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First things first: I'd like to take a moment to reflect upon SYS-CON's JDJEdge Conference in light of the tragedy that shocked America on September 11. The best way to deal with a terrorist act is to not give in and allow it to disrupt everyday activities. To that effect, JDJEdge took place as planned, September 23-26. Under the circumstances, it was quite successful.

On the J2EE front, most vendors attended and imparted useful information in the form of presentations, exhibits, demos, tutorials, and one-on-one discussions. Kudos to the SYS-CON crew, who worked under adverse circumstances to make this happen, as well as to the attend- ees, vendors, presenters, faculty, and industry luminaries who traveled from across the globe to help shape the event.

Sun announced the final release of J2EE 1.3 on September 24, the second day of the conference. Java versions can get confusing. This was the version 1.3 release of the API suite for the enterprise edition. The 1.3 release is promoted by Sun as the release that "simplifies business integration and delivers increased functionality for developing and deploying enterprise-level Web services." If you look for the message in this statement, it covers two main concepts: "business integration" and "Web services." Basically, these two paradigms are Java's windows into enterprise applications.

Web services are abstractions of functional modules built in a programming environment and applied to Web-based enterprise applications. The main effect of creating Web services is to have the functionality available in a form that can be queried, brokered, searched, and executed across the Web. On the other end of the spectrum, however, is the actual integration of the Web service to the back end. In a world replete with Web services, this will be achieved through the Web layer. For instance, business partners can connect via XML-based protocols talking Web service to Web service. The connectivity layer, however, isn't that simple yet, and chances are it will never get to that level. Integration to the current EIS systems can be done via JDBC (for database sources), JMS, CORBA, JNI (if absolutely required), or the J2EE Connector Architecture (J2EE CA). It's Sun's hope that the integration market will move toward the J2EE CA as the preferred way of integrating to legacy systems. J2EE CA provides the connectivity layer to complete the final piece of the enterprise application story.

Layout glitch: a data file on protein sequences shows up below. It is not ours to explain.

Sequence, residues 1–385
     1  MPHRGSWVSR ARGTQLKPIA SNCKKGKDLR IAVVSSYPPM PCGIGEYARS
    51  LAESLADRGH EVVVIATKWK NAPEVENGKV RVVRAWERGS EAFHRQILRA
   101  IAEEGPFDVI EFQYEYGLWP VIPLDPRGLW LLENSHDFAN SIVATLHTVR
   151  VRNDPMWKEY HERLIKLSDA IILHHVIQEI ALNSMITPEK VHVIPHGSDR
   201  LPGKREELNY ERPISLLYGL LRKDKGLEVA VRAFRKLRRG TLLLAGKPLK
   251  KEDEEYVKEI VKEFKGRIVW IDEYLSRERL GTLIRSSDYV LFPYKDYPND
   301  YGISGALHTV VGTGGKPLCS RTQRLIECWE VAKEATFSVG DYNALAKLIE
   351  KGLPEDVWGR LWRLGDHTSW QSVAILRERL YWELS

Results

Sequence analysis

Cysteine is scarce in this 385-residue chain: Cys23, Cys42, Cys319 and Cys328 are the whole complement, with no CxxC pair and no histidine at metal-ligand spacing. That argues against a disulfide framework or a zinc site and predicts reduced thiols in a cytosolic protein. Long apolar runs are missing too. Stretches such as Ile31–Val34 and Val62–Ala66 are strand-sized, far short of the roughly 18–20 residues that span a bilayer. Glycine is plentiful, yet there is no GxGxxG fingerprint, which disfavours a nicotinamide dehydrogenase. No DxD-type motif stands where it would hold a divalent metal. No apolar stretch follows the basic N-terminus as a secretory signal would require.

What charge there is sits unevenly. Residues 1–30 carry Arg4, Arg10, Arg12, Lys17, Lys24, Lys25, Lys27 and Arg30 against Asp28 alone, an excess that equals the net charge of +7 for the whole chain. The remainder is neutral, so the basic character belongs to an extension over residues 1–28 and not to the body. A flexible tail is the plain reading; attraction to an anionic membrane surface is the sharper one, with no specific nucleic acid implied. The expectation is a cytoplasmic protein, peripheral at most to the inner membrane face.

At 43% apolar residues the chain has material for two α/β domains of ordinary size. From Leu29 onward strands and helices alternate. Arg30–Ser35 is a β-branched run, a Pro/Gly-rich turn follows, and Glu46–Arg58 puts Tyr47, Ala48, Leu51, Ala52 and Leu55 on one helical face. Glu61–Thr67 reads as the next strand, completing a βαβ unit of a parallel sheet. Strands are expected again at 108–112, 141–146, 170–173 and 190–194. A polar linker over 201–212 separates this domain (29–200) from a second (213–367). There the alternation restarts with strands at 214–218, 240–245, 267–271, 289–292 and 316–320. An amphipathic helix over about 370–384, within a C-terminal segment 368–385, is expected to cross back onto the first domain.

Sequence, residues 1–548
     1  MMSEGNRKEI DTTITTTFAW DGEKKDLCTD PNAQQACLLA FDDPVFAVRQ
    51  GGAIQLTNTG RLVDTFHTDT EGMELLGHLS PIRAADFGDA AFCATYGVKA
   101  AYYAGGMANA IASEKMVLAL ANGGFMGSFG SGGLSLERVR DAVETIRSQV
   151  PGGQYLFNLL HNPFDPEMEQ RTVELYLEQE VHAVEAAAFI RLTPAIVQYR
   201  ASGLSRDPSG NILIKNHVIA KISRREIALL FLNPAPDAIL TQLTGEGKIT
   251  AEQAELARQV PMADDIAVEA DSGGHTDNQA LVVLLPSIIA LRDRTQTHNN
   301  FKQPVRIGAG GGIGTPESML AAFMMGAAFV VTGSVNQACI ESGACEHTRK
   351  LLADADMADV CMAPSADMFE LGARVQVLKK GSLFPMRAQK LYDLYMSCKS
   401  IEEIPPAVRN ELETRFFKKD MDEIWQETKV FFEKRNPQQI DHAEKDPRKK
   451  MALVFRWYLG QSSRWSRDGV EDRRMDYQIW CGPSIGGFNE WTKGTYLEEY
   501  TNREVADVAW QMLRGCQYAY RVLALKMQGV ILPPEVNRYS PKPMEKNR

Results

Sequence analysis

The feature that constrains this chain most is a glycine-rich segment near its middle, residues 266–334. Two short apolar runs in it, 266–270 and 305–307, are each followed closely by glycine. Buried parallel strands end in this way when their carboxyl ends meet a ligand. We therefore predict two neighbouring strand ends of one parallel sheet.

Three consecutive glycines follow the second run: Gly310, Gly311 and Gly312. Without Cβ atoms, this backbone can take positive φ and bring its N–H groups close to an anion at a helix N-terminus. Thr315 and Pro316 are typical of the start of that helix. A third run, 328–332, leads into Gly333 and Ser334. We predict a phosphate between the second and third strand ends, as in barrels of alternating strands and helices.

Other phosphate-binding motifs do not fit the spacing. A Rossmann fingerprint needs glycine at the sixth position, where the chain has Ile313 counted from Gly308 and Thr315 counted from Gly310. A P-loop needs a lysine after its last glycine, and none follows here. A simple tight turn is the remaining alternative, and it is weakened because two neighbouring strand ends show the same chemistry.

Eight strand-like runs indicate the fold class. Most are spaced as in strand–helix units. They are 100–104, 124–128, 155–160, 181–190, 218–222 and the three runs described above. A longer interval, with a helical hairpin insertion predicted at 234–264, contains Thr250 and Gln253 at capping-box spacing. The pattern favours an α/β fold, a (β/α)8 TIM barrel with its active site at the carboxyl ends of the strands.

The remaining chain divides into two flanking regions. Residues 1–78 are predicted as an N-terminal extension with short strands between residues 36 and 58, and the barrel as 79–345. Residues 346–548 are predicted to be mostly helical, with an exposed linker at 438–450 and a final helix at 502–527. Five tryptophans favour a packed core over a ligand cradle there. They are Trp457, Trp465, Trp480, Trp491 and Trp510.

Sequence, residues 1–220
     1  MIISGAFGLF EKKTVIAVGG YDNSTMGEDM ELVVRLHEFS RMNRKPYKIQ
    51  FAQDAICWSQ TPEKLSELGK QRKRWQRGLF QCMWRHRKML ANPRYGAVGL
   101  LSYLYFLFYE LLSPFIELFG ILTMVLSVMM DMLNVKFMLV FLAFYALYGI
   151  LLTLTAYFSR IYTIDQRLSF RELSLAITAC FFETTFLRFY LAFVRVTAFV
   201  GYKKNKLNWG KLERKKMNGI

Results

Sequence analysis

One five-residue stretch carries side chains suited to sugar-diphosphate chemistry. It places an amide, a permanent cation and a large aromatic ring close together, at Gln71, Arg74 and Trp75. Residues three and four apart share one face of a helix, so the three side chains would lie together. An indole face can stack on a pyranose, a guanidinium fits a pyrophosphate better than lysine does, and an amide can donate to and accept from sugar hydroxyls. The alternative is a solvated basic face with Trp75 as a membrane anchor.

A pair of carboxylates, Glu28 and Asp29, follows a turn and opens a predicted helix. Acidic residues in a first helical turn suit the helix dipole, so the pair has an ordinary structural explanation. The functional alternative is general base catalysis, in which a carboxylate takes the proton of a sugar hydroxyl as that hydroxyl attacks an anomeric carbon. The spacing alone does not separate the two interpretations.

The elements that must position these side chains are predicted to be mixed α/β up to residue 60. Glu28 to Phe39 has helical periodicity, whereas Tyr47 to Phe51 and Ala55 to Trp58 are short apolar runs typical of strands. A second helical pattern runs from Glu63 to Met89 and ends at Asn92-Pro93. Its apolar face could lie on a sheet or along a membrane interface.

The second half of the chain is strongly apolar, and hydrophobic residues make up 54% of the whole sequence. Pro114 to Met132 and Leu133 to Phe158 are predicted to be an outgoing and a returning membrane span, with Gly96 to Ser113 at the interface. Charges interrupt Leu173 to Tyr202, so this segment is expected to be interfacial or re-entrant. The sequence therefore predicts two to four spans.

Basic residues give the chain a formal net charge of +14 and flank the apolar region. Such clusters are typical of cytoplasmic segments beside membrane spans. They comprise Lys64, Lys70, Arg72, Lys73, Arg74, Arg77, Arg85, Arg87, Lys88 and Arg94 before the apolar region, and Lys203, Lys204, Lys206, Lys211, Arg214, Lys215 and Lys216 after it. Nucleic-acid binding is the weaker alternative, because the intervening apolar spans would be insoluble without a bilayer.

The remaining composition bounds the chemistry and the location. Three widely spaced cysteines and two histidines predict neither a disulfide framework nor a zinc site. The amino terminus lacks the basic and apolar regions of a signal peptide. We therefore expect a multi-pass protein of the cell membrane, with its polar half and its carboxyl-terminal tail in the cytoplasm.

The J2EE 1.3 version continues enhancing the Java platform to support enterprise application development. The main features of this release are:

  • The release of J2EE connectors
  • JMS message-driven beans
  • Enterprise JavaBeans 2.0 release
  • JAXP for XML integration and XML manipulation using JSPs
  • Java servlet filters
As in the other releases, 1.3 comes with a reference implementation that developers can use to become familiar with the environment. As you can see from the preceding list, most items deal with enterprise connectivity and Web services.

As vendors that support the Java platform continue to enhance the application development and deployment environments, more sophisticated tools for building enterprise applications are emerging. We are, however, just on the brink of the e-business revolution.

In this issue we have an article from Neal Ford on Jakarta's Struts framework that applies the MVC design pattern to Java presentation design using servlets. Abraham Kang and Donald Levy introduce you to the joys of implementing single sign-on in the Java arena. A couple of product reviews and our regular columns complete the picture to give you another substantial bite of J2EE in true JDJ style.

Author Bio
Ajit Sagar is the J2EE editor of JDJ and the founding editor and editor-in-chief of XML-Journal. A senior solutions architect with VerticalNet Solutions, based in San Francisco, he's well versed in Java, Web, and XML technologies. [email protected]

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